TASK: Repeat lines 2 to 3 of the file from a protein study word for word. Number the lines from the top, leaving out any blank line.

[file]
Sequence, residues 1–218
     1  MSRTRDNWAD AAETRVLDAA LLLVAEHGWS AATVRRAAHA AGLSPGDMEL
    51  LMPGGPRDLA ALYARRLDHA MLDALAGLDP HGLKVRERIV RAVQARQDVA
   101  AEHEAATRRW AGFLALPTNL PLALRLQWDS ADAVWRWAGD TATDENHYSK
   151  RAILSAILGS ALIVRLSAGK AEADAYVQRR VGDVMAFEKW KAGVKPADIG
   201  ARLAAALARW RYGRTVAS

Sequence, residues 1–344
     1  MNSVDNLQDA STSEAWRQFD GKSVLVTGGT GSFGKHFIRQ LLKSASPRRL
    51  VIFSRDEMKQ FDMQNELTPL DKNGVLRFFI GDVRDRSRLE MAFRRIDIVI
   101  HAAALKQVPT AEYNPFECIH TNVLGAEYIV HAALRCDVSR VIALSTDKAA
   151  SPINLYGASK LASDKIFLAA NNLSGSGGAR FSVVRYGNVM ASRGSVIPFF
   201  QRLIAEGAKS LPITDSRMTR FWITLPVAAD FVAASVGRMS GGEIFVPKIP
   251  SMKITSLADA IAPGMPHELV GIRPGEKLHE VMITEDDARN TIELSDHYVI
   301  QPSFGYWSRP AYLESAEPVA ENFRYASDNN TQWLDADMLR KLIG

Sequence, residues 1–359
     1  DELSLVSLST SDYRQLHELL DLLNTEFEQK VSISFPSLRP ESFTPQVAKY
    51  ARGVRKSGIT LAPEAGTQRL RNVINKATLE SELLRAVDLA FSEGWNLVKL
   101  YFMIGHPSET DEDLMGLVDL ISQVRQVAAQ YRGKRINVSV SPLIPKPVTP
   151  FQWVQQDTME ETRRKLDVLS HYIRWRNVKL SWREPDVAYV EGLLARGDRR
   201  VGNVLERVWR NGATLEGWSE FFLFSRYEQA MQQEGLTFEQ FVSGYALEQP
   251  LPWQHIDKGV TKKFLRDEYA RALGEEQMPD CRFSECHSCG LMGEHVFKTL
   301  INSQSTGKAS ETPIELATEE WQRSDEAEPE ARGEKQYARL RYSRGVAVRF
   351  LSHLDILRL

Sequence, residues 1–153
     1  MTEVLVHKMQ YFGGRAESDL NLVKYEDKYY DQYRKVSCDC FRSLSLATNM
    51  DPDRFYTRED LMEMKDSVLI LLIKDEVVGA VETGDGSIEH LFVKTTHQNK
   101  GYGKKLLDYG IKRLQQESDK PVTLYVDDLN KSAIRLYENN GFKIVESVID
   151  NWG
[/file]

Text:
     1  MSRTRDNWAD AAETRVLDAA LLLVAEHGWS AATVRRAAHA AGLSPGDMEL
    51  LMPGGPRDLA ALYARRLDHA MLDALAGLDP HGLKVRERIV RAVQARQDVA